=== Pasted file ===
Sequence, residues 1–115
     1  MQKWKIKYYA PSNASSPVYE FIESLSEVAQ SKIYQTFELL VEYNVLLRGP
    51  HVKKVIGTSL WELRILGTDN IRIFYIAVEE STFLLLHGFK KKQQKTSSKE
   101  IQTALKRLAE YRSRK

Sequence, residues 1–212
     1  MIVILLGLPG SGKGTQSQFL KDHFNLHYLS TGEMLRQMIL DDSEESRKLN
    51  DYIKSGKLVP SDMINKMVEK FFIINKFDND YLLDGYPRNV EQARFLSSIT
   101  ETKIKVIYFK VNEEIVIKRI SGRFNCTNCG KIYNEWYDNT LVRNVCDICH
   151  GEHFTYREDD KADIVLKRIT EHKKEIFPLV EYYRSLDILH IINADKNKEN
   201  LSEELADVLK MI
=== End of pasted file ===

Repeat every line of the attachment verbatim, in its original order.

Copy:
Sequence, residues 1–115
     1  MQKWKIKYYA PSNASSPVYE FIESLSEVAQ SKIYQTFELL VEYNVLLRGP
    51  HVKKVIGTSL WELRILGTDN IRIFYIAVEE STFLLLHGFK KKQQKTSSKE
   101  IQTALKRLAE YRSRK

Sequence, residues 1–212
     1  MIVILLGLPG SGKGTQSQFL KDHFNLHYLS TGEMLRQMIL DDSEESRKLN
    51  DYIKSGKLVP SDMINKMVEK FFIINKFDND YLLDGYPRNV EQARFLSSIT
   101  ETKIKVIYFK VNEEIVIKRI SGRFNCTNCG KIYNEWYDNT LVRNVCDICH
   151  GEHFTYREDD KADIVLKRIT EHKKEIFPLV EYYRSLDILH IINADKNKEN
   201  LSEELADVLK MI